Credit: Karin Tilch
There are no therapeutics available that have been developed for COVID-19 treatment. Repurposing of already available medication for COVID-19 therapy is an attractive option to shorten the road to treatment development. The drug Camostat could be suitable. Camostat exerts antiviral activity by blocking the protease TMPRSS2, which is used by SARS-CoV-2 for entry into cells. However, it was previously unknown whether SARS-CoV-2 can use TMPRSS2-related proteases for cell entry and whether these proteases can be blocked by Camostat. Moreover, it was unclear whether metabolization of Camostat interferes with antiviral activity. An international team of researchers around Markus Hoffmann and Stefan Pöhlmann from the German Primate Center (DPZ) – Leibniz Institute for Primate Research has now shown that SARS-CoV-2 can use several TMPRSS2-related proteases for its activation. These proteases are expressed in the upper respiratory tract and are blocked by Camostat. In addition, the researchers found that Camostat and its major metabolite GBPA inhibit SARS-CoV-2 infection of primary human lung tissue. These findings support the further development of Camostat and related compounds for COVID-19 therapy (EBioMedicine).
SARS-CoV-2 depends on activation by the cellular protease TMPRSS2 for infection of lung cells. The researchers of the Infection Biology Unit of DPZ previously documented that the drugs camostat and nafamostat, which are used in Japan to treat inflammation of the pancreas, block SARS-CoV-2 infection by inhibiting TMPRSS2. However, it was unknown whether Camostat metabolites also block SARS-CoV-2 and whether the virus may use TMPRSS2-related proteases for infection that may be Camostat-insensitive.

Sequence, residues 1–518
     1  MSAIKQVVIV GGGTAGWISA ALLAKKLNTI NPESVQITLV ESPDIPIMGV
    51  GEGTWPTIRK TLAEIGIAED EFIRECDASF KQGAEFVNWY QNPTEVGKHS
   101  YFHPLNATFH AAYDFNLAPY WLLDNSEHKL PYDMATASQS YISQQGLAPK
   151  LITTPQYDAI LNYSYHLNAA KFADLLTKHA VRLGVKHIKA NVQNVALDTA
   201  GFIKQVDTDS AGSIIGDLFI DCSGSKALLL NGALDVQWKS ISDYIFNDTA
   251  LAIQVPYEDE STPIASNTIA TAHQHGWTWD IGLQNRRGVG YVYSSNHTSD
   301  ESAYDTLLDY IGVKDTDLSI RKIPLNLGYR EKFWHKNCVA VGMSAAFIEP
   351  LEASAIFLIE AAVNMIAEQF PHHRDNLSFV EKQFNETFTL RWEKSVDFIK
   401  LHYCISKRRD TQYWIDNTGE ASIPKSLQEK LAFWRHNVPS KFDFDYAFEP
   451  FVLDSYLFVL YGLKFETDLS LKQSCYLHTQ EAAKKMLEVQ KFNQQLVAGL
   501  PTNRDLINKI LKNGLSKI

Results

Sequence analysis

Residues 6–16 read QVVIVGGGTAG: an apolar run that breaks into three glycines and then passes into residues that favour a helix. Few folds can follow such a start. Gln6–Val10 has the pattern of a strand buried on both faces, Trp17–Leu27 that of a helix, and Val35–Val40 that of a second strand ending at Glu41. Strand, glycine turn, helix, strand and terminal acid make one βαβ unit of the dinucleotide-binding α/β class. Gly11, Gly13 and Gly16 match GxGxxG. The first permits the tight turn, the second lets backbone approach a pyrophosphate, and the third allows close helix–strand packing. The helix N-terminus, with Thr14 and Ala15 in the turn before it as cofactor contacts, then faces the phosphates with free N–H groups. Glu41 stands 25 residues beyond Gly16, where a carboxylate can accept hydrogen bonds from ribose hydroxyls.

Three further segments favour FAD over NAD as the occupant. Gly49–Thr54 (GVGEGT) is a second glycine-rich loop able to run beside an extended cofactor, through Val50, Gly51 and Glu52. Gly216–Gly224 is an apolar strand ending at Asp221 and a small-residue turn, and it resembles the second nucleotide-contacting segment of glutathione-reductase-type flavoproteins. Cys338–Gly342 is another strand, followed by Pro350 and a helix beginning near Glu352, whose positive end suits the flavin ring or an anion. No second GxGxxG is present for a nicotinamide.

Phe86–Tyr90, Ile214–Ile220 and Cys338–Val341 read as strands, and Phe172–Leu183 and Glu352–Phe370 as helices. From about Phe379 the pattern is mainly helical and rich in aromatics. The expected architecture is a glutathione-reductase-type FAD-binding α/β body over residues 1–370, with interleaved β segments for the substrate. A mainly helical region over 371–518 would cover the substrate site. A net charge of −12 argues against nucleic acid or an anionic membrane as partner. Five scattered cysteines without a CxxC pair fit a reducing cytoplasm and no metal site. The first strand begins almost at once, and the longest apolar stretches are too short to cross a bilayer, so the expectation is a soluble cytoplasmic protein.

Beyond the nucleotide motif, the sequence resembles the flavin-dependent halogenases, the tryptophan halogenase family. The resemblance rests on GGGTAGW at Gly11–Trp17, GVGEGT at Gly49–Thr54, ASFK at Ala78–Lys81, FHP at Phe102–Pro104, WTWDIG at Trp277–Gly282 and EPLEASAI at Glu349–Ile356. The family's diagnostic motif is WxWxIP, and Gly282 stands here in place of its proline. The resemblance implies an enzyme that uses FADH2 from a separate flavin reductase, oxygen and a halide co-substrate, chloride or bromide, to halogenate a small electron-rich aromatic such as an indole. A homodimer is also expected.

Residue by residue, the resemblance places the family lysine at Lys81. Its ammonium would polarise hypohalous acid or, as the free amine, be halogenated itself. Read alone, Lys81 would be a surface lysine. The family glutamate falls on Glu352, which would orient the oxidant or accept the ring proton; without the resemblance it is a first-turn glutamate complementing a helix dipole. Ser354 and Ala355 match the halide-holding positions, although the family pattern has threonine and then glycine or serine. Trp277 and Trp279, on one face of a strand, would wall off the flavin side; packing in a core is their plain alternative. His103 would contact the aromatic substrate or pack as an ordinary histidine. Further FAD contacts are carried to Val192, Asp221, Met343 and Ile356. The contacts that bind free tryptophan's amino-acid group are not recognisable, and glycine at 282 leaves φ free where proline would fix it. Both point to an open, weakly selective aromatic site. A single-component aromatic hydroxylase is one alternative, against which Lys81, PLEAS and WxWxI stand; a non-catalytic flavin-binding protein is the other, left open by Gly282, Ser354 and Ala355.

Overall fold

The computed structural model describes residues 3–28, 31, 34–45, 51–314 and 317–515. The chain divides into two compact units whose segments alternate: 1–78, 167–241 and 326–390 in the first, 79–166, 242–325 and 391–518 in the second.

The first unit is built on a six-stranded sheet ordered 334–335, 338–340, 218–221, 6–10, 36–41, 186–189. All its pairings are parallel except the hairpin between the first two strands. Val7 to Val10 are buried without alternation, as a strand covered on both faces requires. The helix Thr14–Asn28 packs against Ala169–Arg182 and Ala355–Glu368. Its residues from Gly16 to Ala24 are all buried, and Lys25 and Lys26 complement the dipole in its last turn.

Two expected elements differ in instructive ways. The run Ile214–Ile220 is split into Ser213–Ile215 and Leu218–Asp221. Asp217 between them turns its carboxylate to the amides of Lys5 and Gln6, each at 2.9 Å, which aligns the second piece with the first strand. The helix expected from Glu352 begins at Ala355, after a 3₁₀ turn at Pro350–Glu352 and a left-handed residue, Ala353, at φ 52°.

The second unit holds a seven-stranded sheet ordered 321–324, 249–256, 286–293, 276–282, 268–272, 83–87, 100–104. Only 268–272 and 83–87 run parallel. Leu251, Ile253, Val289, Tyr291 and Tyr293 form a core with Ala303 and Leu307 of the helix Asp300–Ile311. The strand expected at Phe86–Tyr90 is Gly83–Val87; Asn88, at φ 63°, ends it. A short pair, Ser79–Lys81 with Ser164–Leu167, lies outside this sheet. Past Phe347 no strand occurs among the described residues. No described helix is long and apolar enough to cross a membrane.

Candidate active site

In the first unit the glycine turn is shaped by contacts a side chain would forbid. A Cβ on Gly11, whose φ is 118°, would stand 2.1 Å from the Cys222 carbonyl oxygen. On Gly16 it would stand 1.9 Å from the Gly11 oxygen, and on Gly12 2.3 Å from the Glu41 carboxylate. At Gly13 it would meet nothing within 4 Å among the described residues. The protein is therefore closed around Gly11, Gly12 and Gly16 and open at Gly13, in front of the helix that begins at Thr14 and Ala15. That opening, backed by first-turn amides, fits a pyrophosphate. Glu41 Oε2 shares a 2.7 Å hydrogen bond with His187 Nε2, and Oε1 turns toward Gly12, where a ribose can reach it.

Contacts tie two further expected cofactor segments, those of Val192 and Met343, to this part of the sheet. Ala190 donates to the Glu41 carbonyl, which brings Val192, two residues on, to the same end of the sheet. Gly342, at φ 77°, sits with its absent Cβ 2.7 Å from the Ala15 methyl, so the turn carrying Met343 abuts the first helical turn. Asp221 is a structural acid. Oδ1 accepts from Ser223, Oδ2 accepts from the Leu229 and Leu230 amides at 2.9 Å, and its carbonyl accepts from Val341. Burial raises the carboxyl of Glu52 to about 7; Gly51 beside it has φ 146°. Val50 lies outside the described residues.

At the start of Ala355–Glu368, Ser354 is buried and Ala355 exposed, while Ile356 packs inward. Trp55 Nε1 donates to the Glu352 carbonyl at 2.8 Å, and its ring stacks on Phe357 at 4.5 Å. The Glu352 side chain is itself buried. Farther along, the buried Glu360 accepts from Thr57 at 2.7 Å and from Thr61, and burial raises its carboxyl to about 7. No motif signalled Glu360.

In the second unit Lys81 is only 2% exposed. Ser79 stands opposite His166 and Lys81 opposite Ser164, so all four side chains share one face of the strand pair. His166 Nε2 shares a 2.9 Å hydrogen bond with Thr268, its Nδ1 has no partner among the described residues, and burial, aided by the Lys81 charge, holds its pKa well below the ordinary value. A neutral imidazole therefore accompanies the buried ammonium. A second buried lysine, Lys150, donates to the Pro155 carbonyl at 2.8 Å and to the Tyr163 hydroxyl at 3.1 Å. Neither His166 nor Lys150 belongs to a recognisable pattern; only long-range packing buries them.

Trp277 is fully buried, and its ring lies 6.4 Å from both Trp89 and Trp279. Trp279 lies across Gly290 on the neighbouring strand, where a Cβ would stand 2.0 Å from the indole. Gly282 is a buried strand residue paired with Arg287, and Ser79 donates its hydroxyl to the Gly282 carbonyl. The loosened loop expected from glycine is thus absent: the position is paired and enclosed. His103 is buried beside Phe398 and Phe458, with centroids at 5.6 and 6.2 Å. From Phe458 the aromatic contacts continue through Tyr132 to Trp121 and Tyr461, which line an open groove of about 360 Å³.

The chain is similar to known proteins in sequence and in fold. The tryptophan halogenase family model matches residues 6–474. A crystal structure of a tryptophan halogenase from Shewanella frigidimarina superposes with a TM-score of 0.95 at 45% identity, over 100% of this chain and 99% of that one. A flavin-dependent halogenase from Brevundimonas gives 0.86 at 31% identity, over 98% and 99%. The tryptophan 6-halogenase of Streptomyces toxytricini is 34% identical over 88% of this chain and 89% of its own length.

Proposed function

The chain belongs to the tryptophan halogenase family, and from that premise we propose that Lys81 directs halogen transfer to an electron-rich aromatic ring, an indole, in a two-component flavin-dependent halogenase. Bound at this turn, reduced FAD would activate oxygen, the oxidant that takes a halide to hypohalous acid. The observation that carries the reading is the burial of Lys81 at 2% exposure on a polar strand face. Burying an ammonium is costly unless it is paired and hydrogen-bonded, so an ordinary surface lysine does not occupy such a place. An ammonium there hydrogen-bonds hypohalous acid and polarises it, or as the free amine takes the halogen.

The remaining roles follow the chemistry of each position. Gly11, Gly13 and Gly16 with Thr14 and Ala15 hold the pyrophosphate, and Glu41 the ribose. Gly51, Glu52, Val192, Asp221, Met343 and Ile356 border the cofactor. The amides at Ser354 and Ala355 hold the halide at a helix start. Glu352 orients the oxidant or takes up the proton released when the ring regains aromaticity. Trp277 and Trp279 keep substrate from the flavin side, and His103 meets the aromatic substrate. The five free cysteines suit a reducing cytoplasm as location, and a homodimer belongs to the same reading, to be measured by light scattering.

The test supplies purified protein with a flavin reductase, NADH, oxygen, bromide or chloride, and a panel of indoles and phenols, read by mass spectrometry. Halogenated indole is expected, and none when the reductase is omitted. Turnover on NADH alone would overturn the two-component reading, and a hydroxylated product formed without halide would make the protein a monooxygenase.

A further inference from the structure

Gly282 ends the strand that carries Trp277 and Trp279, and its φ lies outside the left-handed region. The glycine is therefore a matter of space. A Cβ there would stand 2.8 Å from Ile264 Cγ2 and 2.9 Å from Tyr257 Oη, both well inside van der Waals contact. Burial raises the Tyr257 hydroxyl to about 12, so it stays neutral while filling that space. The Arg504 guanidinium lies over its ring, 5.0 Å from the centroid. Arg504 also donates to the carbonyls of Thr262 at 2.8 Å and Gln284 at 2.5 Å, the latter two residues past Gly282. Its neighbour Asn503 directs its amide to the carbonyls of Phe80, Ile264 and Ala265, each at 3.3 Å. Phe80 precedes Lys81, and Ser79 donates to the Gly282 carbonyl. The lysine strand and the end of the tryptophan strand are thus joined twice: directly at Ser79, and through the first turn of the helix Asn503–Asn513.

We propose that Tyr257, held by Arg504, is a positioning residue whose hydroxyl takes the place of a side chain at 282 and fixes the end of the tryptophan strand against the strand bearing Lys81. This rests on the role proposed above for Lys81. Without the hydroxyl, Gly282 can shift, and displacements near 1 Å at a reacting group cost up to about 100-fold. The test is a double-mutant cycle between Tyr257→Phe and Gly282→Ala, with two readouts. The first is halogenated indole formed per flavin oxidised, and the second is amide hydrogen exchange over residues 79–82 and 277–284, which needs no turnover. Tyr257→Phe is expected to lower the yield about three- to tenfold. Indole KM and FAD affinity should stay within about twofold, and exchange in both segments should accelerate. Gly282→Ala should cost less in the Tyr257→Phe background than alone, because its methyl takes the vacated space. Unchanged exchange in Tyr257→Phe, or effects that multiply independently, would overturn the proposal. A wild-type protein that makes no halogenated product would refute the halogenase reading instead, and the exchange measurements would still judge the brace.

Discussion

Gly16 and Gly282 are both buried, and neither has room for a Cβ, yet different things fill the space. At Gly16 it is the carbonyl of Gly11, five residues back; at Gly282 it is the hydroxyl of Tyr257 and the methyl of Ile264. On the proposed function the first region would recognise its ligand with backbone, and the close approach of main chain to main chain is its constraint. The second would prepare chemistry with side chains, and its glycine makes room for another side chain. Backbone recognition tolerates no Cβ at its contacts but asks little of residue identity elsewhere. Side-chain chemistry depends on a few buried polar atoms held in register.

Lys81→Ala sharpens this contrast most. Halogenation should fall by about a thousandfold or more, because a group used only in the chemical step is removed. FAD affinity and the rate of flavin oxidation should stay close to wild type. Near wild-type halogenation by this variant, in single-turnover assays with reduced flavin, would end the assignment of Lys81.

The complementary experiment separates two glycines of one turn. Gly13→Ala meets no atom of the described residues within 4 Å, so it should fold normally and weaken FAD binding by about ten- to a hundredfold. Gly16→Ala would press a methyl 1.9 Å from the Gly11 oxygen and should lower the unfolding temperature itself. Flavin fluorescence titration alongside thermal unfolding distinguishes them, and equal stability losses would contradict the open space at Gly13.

An international team of researches around Markus Hoffmann and Stefan Pöhlmann from the Infection Biology Unit of the DPZ has now shown that SARS-CoV-2 can use several TMPRSS2-related proteases for infection, among them TMPRSS11D and TMPRSS13. These proteases may support viral spread in the upper respiratory tract and are blocked by Camostat. This finding indicates that switching to activators other than TMPRSS2 might not allow the virus to replicate in the presence of Camostat.
The researchers could show that not only Camostat but also a major Camostat-metabolite, GBPA, block TMPRSS2 and SARS-CoV-2 infection. “In the human body Camostat is rapidly converted to GBPA. Therefore, it was crucial to demonstrate that not only Camostat but also GBPA exert antiviral activity”, says Stefan Pöhlmann, the head of the Infection Biology Unit of DPZ. Markus Hoffmann, the first author of the study adds: “Our results suggest that Camostat/GBPA may unfold antiviral activity in patients. However, for effective treatment of COVID-19, a higher Camostat dose might be required as compared to pancreatitis treatment.”
Inhibition of SARS-CoV-2 by Camostat was initially shown using the lung cell line Calu-3. The participation of Armin Braun, Fraunhofer ITEM, Hannover, and Danny Jonigk, Institute of Pathology at the MHH, in the consortium allowed analysis of Camostat antiviral activity in primary human lung tissue ex vivo. Camostat and GBPA blocked SARS-CoV-2 infection of lung tissue and Nafamostat had an increased antiviral activity. Therefore, the team of the Infection Biology Unit and the laboratory of Armin Braun are investigating how Nafamostat can be directly delivered into the human lung for increased antiviral activity. This project receives financial support from the Bundesministerium für Bildung und Forschung (BMBF) (project RENACO, Repurposing of Nafamostatmesylat for treatment of COVID-19).
“Our results on the antiviral activity of Camostat and GBPA are relevant beyond the treatment of COVID-19. TMPRSS2 also plays an important role in other respiratory infections. Thus, Camostat could also be successfully used to treat influenza,” says Markus Hoffmann.
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